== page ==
Internationalisation strategies – Unit 4 – Module 1

Complex Toolbox for Volunteers

[nextpage title=”SHORT DESCRIPTION”]In this lesson three different internationalisation strategies will be presented and studied: Multidomestic strategy; global strategy; and transnational strategy.

[nextpage title=”TRAINING CONTENT”]

There are several different strategies that an organisation can follow in its internationalisation process. These strategies are different approaches to the internationalisation of its activity, and each organisation should decide which one fits best its interests, purpose and goals with the process. We will present the main three strategies that both enterprises and organisations follow when going international. It has to be noticed that these are not closed categories, as each organisation will end up following its own particular strategy, that maybe does not fit completely in none of these strategies, but it is a mix of some of them. Let’s check’em out!

[nextpage title=”Multidomestic strategy”]

The multidomestic strategy is an approach to internationalisation that focuses the efforts of the organisation, as well as the use of its resources, on the local necessities of each specific zone seperately, instead of adopting a global or standardised approach to it. This means that the organisation studies those specific necessities of that zone/region/city/country, and creates a project accordingly, taking into account its cultural and social factors too.  With this approach, the organisation makes a great effort to adapt its’ activity to those necessities and tries to engage locals instead of a more widespread audience.

For a multidomestic strategy to succeed it is crucial to invest resources into local research, which contributes to an early increase on costs. Notwithstanding, this approach will provide incredibly valuable information about the necessities of that specific zone, which brings the chance of achieving great levels of achievement in the purpose of your organisation and the specific project being conducted in that zone. Nevertheless, efficiency on the use of resources will be sacrificed, turning this strategy into the most expensive to manage.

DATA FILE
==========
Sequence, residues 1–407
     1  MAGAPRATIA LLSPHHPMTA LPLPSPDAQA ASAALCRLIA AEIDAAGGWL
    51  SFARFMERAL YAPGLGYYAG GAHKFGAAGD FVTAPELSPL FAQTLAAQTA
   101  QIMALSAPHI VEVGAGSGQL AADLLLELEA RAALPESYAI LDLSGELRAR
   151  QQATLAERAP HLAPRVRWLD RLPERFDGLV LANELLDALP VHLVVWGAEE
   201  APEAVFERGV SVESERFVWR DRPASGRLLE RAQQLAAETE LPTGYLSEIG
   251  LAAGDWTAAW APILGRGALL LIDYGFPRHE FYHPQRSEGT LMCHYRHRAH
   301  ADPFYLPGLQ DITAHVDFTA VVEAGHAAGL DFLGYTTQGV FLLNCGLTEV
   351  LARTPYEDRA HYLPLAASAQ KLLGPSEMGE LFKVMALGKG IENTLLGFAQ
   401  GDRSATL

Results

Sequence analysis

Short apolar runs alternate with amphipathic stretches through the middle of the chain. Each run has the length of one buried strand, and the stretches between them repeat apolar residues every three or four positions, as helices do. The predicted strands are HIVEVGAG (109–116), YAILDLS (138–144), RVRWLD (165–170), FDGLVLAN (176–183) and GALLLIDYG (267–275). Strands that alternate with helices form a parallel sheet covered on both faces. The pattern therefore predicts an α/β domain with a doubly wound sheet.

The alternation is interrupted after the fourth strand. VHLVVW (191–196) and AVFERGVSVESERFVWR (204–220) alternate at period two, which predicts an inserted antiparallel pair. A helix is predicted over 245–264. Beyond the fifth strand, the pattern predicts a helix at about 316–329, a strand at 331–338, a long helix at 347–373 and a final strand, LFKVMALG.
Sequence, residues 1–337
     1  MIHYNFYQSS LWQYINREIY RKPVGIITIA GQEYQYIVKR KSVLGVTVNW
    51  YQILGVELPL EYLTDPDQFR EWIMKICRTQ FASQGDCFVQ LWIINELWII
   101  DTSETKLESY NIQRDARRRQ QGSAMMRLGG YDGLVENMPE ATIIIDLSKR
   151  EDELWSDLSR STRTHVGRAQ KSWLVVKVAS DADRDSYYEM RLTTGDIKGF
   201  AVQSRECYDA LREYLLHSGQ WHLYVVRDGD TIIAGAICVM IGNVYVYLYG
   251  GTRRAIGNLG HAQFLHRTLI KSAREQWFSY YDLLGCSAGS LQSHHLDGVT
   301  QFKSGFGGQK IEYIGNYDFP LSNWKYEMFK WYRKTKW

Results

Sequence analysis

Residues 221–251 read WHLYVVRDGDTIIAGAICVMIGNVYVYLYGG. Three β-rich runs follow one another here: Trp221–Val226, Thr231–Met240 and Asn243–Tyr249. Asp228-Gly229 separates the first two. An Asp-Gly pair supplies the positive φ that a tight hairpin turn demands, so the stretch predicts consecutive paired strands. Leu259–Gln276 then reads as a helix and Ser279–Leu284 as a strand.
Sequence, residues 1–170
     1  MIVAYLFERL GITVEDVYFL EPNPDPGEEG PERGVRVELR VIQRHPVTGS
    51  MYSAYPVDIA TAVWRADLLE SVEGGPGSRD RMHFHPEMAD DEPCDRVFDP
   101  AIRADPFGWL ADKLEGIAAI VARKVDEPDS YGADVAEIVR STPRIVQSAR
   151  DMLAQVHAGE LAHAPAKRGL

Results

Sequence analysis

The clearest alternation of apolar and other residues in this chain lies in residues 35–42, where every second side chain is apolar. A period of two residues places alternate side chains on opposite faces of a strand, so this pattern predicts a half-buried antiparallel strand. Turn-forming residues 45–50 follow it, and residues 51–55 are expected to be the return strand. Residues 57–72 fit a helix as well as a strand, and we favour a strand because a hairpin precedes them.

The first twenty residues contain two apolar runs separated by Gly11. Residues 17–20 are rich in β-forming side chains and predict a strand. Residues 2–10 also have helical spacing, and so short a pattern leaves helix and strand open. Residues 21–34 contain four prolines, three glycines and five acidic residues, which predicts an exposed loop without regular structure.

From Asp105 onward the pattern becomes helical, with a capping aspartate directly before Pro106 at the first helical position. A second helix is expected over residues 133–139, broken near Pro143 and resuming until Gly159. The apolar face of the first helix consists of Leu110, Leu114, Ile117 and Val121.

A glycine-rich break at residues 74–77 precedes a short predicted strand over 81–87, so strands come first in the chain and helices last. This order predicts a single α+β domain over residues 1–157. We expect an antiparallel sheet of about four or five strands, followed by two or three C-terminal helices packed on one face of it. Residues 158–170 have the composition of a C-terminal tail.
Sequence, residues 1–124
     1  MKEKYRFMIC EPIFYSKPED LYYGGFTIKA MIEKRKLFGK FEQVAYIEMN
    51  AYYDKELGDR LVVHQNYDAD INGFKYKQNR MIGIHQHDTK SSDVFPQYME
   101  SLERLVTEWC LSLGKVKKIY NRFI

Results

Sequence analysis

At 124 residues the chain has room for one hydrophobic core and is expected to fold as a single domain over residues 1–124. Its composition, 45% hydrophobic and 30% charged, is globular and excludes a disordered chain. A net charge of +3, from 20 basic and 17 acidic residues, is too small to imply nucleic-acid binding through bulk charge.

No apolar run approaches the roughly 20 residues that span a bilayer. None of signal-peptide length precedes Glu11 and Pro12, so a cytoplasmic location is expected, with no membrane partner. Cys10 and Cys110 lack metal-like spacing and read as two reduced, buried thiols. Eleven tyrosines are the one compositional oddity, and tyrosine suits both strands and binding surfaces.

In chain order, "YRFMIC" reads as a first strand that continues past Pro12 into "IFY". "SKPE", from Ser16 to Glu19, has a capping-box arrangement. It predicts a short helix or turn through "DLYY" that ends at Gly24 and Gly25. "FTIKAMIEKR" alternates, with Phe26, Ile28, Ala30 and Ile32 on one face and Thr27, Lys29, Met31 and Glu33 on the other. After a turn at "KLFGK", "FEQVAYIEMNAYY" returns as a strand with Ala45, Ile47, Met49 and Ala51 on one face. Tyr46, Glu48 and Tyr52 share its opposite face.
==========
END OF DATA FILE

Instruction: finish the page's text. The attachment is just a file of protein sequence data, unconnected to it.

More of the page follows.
Photo by Robert Collins on Unsplash

By taking the time to learn how to connect with locals and its necessities, it is possible to use the multidomestic strategy to create a wide range of tactics that can be adapted to fit zones and regions that share a lot of similarities. The main flaws of adopting this strategy are the huge costs for research that have to be conducted at the beginning of the internationalisation project. Moreover, nothing assures that this research will provide positive results, as  your activity may not fit the necessities of that specific zone, and all the effort and resources put into research would be “wasted”. Notwithstanding, these costs would be smaller than starting an internationalisation process without this previous research and failing as a result.

This strategy best fits small organisations that want to spread their activity into one or maybe only a few countries, without needing much capability regarding resources or finances.

[nextpage title=”Global Strategy”]

This strategy is the complete opposite of a multidomestic strategy. It sacrifices responsiveness to local requirements within each of its zones and regions in favour of emphasizing efficiency. This does not mean that minor modifications or adaptions in the activity will be made regarding those zones/regions/countries, but in general terms a global strategy will be adopted, and management decisions will be taken following global objectives, without taking local necessities into account.

As previously stated, this strategy aims at achieving the greatest possible levels of efficiency in the use of resources and finances, by deleting the costs of researching and adapting the activity to the needs of specific zones of the world. This reduces the complexity of managing the organisation, but also creates a lot more risks: the lack of adaption to local necessities reduces the reaction possibilities against events on those zones, as well as compromises the usefulness of the activity and service provided by your organisation.